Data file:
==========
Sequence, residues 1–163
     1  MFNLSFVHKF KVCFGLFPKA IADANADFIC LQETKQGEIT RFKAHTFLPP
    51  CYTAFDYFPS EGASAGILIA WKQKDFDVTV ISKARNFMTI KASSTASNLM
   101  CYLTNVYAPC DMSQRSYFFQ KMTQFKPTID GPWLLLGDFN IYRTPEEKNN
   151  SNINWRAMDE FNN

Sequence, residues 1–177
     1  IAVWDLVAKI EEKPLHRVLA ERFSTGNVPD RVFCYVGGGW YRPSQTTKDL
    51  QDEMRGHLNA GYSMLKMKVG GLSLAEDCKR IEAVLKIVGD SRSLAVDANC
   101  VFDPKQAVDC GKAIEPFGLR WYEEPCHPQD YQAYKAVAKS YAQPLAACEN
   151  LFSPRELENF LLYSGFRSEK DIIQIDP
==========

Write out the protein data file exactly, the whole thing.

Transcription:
Sequence, residues 1–163
     1  MFNLSFVHKF KVCFGLFPKA IADANADFIC LQETKQGEIT RFKAHTFLPP
    51  CYTAFDYFPS EGASAGILIA WKQKDFDVTV ISKARNFMTI KASSTASNLM
   101  CYLTNVYAPC DMSQRSYFFQ KMTQFKPTID GPWLLLGDFN IYRTPEEKNN
   151  SNINWRAMDE FNN

Sequence, residues 1–177
     1  IAVWDLVAKI EEKPLHRVLA ERFSTGNVPD RVFCYVGGGW YRPSQTTKDL
    51  QDEMRGHLNA GYSMLKMKVG GLSLAEDCKR IEAVLKIVGD SRSLAVDANC
   101  VFDPKQAVDC GKAIEPFGLR WYEEPCHPQD YQAYKAVAKS YAQPLAACEN
   151  LFSPRELENF LLYSGFRSEK DIIQIDP